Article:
I am writing this from a coffee house that didn’t exist three years ago. It used to be a pizza place. I used to eat lunch here all the time in high school. It is one of the only places a student could walk to during open campus lunch and still make it back for fifth period. One year I had Mrs. Driver for fifth period English, and she didn’t care if we were a few minutes late. Annie, the boys, and I are spending this week ‘back.’ It is code for Dixon, Ill., the place where I grew up. Annie grew up 10 minutes down the road in another small town that I won’t mention. Civic rivalries die hard where I’m from. The people where she grew up think they are better than us. They are probably right, but I will never admit it.
“When do we plan on going back?” One of us will ask the other. We know what it means. It took us a while to stop asking, “When are we going home?” Home is in Greensboro now. This is the longest period between trips ‘back.’ The last time I was in Dixon was in January 2019, eighteen months ago. It feels like longer. The same stuff is going on. I’ve run into a few people I knew, but no longer know. I was forced to drive 10 mph under the speed limit on the way into town, there was a tractor on the state highway. I don’t miss that. Dixon feels even smaller than I remember. Driving through town is like looking at shadows. The outline of things I remember are the same, but they have different features. If I’m honest, it’s the first time I’ve felt like this is the place I’m from and not the place I belong. I feel like a visitor in the town I grew up in. It’s because I am.
I’m thankful for the experience of ‘going back.’ It allows me to evaluate things more clearly, as on outsider who was once an insider. There are things I laugh about, am proud of, and am embarrassed by. This place shaped me. There is a question about ‘going back.’ It’s a question I try to push off, but it exists at the end of every memory of Dixon. How many more ‘going backs’ are left until…? How many more times will I get to hug my grandparents? How many more times will I visit my boyhood home before it’s sold? What do my kids think of going back? Do they want to go back more or less often? Mostly, it gives me a feeling so intense that I refuse to sit with it too long. I’ve cried enough in this place. It reminds me of what Paul wrote to the Philippians, “I have you in my heart … I long for all of you with the affection of Christ Jesus.”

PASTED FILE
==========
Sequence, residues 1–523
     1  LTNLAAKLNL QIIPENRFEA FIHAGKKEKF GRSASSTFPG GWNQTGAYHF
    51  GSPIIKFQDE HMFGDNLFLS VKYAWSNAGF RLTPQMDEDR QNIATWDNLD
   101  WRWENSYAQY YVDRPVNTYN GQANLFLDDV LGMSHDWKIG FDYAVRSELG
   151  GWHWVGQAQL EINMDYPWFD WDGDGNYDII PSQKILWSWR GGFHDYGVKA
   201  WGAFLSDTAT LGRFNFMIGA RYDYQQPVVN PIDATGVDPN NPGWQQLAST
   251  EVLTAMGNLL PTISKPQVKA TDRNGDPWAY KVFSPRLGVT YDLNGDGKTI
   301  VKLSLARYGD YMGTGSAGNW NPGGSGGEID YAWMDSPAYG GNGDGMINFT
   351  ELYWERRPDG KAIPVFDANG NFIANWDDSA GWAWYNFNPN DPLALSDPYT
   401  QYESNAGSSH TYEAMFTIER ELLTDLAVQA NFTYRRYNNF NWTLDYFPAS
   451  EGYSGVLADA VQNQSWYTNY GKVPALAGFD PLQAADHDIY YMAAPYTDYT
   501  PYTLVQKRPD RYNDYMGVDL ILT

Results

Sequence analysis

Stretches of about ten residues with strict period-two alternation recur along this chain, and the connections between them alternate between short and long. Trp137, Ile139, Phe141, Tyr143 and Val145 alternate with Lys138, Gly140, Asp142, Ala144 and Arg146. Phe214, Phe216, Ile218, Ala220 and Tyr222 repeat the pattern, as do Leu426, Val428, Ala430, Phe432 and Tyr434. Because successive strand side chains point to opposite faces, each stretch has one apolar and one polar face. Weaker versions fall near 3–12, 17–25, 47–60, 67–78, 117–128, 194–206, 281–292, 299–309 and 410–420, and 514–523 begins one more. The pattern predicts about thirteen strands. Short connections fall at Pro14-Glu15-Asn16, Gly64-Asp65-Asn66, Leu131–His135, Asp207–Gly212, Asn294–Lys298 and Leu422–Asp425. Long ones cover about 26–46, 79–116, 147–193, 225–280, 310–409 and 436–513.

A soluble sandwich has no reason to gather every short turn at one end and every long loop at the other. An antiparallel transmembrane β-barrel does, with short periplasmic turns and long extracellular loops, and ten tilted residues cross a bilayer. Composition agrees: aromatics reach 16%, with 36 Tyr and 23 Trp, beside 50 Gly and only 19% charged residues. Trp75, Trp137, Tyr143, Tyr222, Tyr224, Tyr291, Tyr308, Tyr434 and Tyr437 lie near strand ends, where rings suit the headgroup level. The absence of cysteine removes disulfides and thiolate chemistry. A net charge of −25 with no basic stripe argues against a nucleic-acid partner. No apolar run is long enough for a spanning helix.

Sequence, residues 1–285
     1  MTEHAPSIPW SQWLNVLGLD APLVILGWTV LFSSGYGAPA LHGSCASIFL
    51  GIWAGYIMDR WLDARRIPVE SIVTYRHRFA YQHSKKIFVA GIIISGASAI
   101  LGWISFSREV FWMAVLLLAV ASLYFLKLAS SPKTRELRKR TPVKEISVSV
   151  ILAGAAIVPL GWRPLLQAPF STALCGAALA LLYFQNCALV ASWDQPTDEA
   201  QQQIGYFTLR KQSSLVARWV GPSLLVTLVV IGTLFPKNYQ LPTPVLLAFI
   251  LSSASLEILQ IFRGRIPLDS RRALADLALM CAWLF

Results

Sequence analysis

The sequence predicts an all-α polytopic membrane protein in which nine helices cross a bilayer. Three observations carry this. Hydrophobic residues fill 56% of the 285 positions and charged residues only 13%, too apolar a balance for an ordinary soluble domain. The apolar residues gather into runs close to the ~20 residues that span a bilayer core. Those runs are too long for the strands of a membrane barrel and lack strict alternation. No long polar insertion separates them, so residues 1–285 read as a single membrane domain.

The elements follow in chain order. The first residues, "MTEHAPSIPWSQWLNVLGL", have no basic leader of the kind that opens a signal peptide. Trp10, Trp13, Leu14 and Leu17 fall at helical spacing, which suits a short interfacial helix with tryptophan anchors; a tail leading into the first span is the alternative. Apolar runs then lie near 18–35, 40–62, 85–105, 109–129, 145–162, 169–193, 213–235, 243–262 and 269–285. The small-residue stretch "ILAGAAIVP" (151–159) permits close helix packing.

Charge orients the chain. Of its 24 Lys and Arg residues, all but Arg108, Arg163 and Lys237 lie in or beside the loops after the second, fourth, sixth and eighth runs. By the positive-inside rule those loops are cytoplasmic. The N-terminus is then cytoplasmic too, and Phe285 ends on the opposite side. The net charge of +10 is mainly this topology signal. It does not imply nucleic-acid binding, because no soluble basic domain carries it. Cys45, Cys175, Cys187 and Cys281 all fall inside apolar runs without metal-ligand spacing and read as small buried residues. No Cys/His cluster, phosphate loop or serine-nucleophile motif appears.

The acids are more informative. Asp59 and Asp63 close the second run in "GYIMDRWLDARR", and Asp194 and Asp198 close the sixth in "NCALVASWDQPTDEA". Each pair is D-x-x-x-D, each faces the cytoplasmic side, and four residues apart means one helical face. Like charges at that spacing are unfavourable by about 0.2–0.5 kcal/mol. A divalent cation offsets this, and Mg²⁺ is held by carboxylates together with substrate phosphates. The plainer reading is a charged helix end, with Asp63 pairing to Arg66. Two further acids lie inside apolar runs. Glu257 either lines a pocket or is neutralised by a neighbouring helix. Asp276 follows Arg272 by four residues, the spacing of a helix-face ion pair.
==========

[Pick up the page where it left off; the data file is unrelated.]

I am grateful for ‘going back.’ The first night back in Illinois we stayed with the best man in our wedding. He and his wife have a daughter. Watching our kids play was worth the entire day in the car. My brother is a man now. He could beat me up, but he would rather roll around on the floor with his nephews. My mom cried when she saw her grandkids. It had been too long. I met a close friend at the bike trail, a place where I have logged a lot of miles. He is the son of my high school cross country coach. We ran for an hour without a pause in our conversation. My sister is on her way to meet me now. Her son and I share a birth date. He is 19 years behind me. I can’t wait to see him. Another close friend is coming back from Nashville on Friday. We already have plans for a beer and a basketball game. My younger sister enrolls in the honors program at the University of Illinois in the fall. She is studying aerospace engineering. Her intelligence intimidates me.
I don’t know how many more ‘going backs’ are left, but they will be cherished. I am reminded of the words of the poet Philip Larkin, “Of each other, we should be kind. While there is still time.”